How Little League World Series trip presents COVID-19 concerns for Louisiana state champs

Tim Buckley
Lafayette Daily Advertiser

It’s supposed to be the best time of their young lives, full of more fun than fret.

But for the Lafayette team opening play Friday at the Little League World Series in Williamsport, Pennsylvania, COVID-19 is a constant concern.

“To know you know you were able to win this and you can play at this level, and you (can) get kicked out because of COVID – it’s kind of stressful,” 12-year-old outfielder Dylan Menard said.

Three teams at the Southwest Regional had positive COVID-19 tests and, according to a statement, were notified “they will no longer be able to participate in the tournament” that Louisiana won.

The LLWS has no international teams this year because of COVID-19 and the tournament is closed to general-admission spectators.

Teams with positive tests risk forfeit, and interaction with outsiders is limited or banned.

“I wish I could just open the door and say, ‘Go,’” Steven Menard, Lafayette’s manager and Dylan’s dad, said two days after his team arrived. “We just can’t do that yet, but we’re making the best of it.”

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Trying times

During regional play, players were separated from parents and other relatives.

It was trying for the pre-teens.

“We get to some moments where we’ve got to do a little bit of work,” Steven Menard said, “but, for the most part, they’re doing well.”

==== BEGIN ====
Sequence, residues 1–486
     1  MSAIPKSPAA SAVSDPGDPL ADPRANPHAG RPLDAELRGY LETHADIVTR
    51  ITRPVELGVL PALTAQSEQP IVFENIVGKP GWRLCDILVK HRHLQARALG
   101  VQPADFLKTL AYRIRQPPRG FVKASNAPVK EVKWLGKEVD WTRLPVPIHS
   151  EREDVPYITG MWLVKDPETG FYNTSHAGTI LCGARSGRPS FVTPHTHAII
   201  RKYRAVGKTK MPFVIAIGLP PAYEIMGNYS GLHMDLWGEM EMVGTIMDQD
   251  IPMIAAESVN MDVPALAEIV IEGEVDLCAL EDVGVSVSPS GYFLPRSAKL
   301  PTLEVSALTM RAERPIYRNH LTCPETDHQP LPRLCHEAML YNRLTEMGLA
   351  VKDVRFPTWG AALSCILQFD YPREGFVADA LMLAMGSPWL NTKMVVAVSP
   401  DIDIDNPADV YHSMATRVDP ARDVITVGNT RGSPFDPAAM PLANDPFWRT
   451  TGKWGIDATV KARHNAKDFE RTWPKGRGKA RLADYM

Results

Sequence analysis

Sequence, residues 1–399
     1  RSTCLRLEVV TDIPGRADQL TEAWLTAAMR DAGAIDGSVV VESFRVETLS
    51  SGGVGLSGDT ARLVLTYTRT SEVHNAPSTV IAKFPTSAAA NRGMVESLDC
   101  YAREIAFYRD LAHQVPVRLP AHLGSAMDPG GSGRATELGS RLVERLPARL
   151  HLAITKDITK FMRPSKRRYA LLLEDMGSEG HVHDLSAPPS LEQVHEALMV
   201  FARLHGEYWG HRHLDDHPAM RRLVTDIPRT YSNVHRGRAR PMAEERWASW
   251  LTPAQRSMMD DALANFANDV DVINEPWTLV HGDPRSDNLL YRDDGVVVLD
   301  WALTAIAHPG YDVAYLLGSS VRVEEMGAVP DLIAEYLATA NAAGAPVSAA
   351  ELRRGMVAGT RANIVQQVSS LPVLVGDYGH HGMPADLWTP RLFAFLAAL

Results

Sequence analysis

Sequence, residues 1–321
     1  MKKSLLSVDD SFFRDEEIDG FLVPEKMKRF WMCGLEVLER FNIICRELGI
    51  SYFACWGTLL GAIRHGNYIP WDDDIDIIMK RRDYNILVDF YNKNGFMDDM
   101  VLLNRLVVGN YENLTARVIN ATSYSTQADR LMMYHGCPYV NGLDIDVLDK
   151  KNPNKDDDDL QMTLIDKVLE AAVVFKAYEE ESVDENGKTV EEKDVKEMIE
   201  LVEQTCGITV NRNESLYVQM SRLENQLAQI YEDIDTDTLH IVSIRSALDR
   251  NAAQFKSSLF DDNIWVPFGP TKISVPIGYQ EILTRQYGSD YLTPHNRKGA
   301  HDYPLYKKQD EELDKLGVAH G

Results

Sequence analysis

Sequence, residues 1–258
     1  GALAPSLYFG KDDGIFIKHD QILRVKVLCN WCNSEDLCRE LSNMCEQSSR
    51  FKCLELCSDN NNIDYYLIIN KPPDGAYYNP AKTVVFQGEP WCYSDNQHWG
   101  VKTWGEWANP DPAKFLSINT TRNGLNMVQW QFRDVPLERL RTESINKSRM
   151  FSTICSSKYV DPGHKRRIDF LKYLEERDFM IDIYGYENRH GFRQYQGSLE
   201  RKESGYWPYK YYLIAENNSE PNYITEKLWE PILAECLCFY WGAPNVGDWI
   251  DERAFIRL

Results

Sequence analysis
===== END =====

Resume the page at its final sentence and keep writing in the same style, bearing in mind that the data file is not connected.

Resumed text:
Amid trying times in the COVID-19 era, the Lafayette Little League team lines up before a game earlier this season. The Louisiana state champs have made it to the Little League World Series.

Players and coaches took regular COVID-19 tests at the regional tournament.

“It’s not a fun process. But it worked,” Steven Menard said. “The kids, I hate to say, are getting used to it. They’re becoming pros at it.”

'A little scary'

Before flying Friday from Lafayette to Houston, then to Newark, New Jersey, players and coaches underwent medical screenings, including temperatures checks.

They left at 8 a.m. and didn’t bus into Williamsport until 10:30 p.m., then had to take tests before going to sleep.

“Every other day we have to wake up early in the morning, and we have to go take a COVID test,” centerfielder Cooper Hawkins said.

“We’re kind of rolling with it. We got past the first one. Hopefully we can get past it again.”

Every time they take a test, though, players are hit by the weight of what’s at stake.

Lafayette opens Friday against South Dakota on ESPN (4 p.m. CSTcentral). 

“It’s a little scary,” Dylan Menard said, “but … hopefully we can get past the next couple ones … and we go out of this place winning and not getting sick from some virus.”